Mrs Akuhata-Brown and her husband recently returned to New Zealand after teaching for several years in Western Samoa.
During the period when the Tongans ruled the people of Samoa, the Samoans adopted many of the Tongan arts and crafts, customs and traditions. After the Tongans had left the country many of their customs were still followed there.
Among the most important of the crafts which the Tongans introduced was the making of the fine mat, a large, very finely woven object which is one of the most important possessions that a Samoan can own. Its origin is reflected in its name, ‘ie-toga; the first of these two words refers to a cloth, and the word toga, pronounced ‘tonga’, is the name of the island from which it originated.
A Sacred Task
Today only those women with exceptional skill at weaving, and with a knowledge of the sacred customs associated with it, are chosen to weave the fine mat. They work either in a guest house, out of sight of the people, or else in a house used by the older women of the family. While the mat is being woven no-one is permitted to enter the fale (house; this word is the equivalent of our Maori whare). If anyone should break this age-old custom, they must pay a penalty; usually this consist of a large amount of food.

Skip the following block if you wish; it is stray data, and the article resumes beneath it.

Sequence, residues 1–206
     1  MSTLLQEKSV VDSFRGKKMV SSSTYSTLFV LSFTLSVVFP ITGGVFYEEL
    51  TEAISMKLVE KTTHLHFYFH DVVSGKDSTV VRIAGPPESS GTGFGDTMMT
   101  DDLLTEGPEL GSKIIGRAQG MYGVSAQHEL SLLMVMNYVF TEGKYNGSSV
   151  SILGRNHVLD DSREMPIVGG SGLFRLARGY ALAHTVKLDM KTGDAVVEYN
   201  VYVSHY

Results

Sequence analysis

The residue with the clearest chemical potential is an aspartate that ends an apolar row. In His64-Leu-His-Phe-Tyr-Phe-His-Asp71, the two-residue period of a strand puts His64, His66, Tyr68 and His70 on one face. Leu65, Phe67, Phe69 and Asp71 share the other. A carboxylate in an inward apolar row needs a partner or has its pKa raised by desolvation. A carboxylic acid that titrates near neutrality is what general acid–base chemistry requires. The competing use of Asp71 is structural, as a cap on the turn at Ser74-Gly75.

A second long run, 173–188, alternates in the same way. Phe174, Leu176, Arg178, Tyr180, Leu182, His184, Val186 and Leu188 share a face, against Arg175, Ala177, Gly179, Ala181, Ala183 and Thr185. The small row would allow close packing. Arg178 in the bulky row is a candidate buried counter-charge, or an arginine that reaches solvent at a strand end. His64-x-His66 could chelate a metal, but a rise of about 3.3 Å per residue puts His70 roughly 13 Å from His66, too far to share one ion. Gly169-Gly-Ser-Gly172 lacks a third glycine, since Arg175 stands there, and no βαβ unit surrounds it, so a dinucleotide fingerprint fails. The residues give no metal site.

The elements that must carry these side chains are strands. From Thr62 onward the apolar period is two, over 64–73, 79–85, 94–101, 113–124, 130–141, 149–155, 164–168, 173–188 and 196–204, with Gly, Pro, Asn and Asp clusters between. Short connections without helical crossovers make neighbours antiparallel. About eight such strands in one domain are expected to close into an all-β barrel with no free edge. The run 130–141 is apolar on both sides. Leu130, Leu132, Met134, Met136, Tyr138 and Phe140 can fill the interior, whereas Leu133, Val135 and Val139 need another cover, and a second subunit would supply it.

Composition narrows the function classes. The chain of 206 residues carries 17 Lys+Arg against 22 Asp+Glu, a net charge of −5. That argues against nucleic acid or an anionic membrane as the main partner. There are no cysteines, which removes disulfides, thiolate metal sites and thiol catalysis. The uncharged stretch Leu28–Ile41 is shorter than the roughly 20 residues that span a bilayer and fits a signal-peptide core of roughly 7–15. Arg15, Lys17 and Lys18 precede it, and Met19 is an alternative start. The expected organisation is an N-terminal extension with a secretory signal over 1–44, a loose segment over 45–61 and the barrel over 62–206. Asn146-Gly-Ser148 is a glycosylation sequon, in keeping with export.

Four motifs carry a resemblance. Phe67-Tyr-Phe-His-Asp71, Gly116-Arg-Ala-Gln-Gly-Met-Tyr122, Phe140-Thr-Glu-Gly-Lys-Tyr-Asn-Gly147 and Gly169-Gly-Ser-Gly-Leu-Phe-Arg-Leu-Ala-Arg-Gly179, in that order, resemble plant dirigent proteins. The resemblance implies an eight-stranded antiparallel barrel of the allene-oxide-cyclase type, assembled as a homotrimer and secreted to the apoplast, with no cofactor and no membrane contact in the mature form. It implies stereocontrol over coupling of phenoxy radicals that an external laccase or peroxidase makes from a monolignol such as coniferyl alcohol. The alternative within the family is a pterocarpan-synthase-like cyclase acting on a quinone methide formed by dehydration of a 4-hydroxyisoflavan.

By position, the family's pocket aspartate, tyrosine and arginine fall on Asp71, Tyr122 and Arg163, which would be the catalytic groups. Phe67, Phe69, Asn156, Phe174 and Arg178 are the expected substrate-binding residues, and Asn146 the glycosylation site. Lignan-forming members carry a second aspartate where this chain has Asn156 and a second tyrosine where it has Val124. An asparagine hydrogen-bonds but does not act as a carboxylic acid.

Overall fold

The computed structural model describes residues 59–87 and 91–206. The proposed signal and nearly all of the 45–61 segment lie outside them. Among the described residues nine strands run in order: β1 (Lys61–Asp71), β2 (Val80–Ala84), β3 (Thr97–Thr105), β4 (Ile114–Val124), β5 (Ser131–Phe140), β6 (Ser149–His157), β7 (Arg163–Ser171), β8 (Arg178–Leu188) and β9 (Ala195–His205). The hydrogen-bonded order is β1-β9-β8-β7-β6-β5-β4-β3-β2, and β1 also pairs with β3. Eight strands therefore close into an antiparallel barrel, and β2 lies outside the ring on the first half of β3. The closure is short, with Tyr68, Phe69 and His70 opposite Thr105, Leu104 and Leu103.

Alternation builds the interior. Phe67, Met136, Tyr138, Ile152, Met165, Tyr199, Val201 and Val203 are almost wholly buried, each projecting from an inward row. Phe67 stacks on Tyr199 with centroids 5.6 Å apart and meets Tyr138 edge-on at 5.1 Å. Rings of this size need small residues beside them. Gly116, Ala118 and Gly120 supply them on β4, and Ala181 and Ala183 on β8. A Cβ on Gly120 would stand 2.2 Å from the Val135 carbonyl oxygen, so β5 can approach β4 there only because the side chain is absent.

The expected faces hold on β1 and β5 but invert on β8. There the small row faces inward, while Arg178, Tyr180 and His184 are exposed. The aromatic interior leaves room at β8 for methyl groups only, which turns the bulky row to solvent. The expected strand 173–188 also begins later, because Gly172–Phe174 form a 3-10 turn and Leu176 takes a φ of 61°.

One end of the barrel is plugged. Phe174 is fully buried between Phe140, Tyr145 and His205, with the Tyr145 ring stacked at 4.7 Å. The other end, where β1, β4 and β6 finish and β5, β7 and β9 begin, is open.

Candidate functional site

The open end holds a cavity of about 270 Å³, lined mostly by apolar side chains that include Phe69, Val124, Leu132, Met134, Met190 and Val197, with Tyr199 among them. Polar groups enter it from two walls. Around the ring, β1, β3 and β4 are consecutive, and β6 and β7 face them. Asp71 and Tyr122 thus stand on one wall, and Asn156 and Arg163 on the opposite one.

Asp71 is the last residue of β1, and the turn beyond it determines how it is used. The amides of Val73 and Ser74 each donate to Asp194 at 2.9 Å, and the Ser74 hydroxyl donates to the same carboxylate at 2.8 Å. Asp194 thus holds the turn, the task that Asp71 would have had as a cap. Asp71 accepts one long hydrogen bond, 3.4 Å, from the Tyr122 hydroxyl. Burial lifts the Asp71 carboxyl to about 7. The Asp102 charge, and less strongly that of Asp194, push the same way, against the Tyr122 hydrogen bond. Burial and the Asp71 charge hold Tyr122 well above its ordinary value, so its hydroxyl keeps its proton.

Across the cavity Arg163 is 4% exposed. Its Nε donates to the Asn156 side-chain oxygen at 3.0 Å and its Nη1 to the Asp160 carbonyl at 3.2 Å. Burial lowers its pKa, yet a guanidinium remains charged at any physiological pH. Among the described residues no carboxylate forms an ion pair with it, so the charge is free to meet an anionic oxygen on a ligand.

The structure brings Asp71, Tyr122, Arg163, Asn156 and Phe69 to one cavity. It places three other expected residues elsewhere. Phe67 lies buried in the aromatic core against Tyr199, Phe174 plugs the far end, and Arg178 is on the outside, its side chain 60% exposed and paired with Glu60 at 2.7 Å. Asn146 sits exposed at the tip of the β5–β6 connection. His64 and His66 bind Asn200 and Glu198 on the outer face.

The leaf used in the weaving is that of the pandanus (lau ‘ie—‘leaf for the fine mat’). This leaf is similar in shape to those of our New Zealand flax, but it is much longer, and is softer and finer in texture. The pandanus leaves are dipped into hot water, then spread out in the sun to dry. This bleaches them until they are white, and makes them more pliable. Then the leaves are stripped into strands as fine as three-ply baby wool. One can imagine the skill and patience required to weave strips of such fineness. It is said that the weavers of such mats sometimes become partially or totally blind as a result of their work.
Our Maori mats (whariki) have two to four folds, but Samoan fine mats have no folds at all They vary in size from 40in. × 40in. to 150in. × 150in. The larger and finer the mat, the more important it becomes.